NASCAR’s Next Generation: Rico Abreu

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Rico Abreu is like any young race car driver.

When asked what’s on his bucket list not related to racing, the 23-year-old’s first answer – like the three NASCAR Next drivers before him – was skydiving.

Rico Abreu is not like any other young race car drivers.

The St. Helena, Calif.-native is 4-foot-4, a result of living with achondroplasia, a bone-growth disorder not shared by anyone else in his family.

That doesn’t impede Abreu, who won the 2015 Chili Bowl. He is scheduled to race in about 120 races in seven different classes in 2015.

When Abreu spoke with NASCAR Talk, he was more than week removed from winning his first stock car race, in the K&N East Pro Series at Columbus (Ohio) Motor Speedway.

This Q&A has been edited and condensed

NASCAR Talk: What’s the most races you’ve ever been in in one week?

Rico Abreu: I ran five in a row, five nights in a row. That was earlier in June in the USAC-Indiana Midget week. It’s five nights throughout Indianapolis race tracks.

source: Getty ImagesNT: How tiring was that?

Abreu: It wasn’t too bad because in open-wheel racing, they start around 4:30 p.m. and then they end up finishing around 10:30 to 11 p.m. You kind of have that morning and early afternoon to relax and not be too hard on yourself where K&N or NASCAR races is a little bit different where you have to be up at 8 o’clock for a driver’s meeting at nine and practice at 10:30, qualifying at 1 o’clock then you race anywhere from 4 p.m. to 8 p.m.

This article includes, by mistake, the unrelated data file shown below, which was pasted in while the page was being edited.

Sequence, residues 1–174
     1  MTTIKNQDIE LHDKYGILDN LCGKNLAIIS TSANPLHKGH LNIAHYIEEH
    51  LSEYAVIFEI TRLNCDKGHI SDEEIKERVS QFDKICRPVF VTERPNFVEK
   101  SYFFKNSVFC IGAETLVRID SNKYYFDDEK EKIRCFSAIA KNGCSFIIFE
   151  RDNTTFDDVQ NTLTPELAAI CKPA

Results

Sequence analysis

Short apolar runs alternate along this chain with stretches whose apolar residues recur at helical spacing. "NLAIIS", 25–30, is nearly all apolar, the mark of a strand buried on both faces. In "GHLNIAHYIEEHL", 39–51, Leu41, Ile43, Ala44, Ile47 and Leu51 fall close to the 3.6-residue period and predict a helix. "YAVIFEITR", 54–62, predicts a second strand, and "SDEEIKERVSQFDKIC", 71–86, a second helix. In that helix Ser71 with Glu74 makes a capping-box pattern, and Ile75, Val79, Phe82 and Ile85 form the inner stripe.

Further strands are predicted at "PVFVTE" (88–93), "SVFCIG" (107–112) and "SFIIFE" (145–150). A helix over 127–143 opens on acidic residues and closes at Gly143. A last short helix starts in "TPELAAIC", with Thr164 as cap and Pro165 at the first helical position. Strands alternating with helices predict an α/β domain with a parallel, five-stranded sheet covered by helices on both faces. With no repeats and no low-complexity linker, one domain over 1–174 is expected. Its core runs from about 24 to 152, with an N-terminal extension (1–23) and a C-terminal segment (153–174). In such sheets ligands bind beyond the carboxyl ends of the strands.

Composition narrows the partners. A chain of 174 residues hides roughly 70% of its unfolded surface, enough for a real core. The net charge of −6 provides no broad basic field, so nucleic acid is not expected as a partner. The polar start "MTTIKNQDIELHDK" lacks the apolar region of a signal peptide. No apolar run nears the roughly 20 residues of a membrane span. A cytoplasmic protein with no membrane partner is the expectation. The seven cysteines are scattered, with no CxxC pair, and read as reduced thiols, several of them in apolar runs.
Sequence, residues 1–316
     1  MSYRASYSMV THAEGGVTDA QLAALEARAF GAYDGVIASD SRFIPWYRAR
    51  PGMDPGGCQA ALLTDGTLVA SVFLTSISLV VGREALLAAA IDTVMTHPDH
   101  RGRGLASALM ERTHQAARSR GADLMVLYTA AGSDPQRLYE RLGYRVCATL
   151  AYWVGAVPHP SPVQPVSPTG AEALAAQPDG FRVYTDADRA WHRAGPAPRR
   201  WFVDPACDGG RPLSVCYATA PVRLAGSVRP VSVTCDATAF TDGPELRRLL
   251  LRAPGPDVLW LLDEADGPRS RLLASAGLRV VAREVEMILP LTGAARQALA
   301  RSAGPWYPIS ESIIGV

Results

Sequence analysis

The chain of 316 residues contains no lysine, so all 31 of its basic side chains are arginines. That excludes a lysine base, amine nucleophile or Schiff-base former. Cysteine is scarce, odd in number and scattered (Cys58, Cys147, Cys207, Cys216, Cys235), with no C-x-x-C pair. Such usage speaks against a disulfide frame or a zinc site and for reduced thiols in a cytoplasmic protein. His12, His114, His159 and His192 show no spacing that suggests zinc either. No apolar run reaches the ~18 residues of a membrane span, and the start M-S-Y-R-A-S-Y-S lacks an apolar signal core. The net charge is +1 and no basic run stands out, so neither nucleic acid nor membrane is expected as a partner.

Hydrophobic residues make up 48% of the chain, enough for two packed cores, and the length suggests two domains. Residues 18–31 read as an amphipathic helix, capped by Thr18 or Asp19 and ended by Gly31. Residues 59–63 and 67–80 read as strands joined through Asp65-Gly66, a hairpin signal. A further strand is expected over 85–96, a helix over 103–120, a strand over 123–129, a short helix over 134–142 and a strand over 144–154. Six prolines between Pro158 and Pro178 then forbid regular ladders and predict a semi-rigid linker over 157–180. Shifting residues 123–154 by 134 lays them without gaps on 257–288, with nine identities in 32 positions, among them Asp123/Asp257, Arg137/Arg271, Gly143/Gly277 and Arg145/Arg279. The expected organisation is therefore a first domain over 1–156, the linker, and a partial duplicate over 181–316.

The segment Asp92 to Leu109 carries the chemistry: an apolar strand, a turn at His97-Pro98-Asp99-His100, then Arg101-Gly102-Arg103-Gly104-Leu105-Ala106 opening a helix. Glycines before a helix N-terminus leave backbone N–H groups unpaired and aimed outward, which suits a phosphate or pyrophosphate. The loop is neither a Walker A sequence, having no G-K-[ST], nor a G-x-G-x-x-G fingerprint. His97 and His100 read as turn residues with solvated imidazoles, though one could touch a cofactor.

NT: What were you doing when you got the call about being part of the current NASCAR Next class?

Abreu: I believe I was at a sprint car race, and (I got) a text and it asked if we’d be willing to find the time and I was really happy to be apart of the NASCAR Next group. I wanted them to understand my schedule and how busy I am with my racing … I have 120 races this year on my schedule, so it’s really hard to get away and do something with them. Everyone worked really good with everyone at NASCAR Next and they worked out my schedule so it all works out where I can be at a majority of the events, but there’s only a few I can’t get to.

NT: What’s the worst accident you’ve ever been in?

Abreu: I crashed at Sun Prairie, Wisconsin (Angell Park Speedway) and wound up with a broken collarbone. That was probably the hardest crash I’ve ever had. A guy moved up on me and kind of pinched me into the wall and our cars are open-wheeled, the sprint cars, so it’s really easy to flip and be in a really vicious, violent crash. The walls are really short there, so I easily went over the wall and kept going outside of the track about 100 feet.

Video: Abreu’s wreck at Angell Park Speedway

NT: What do you remember seeing?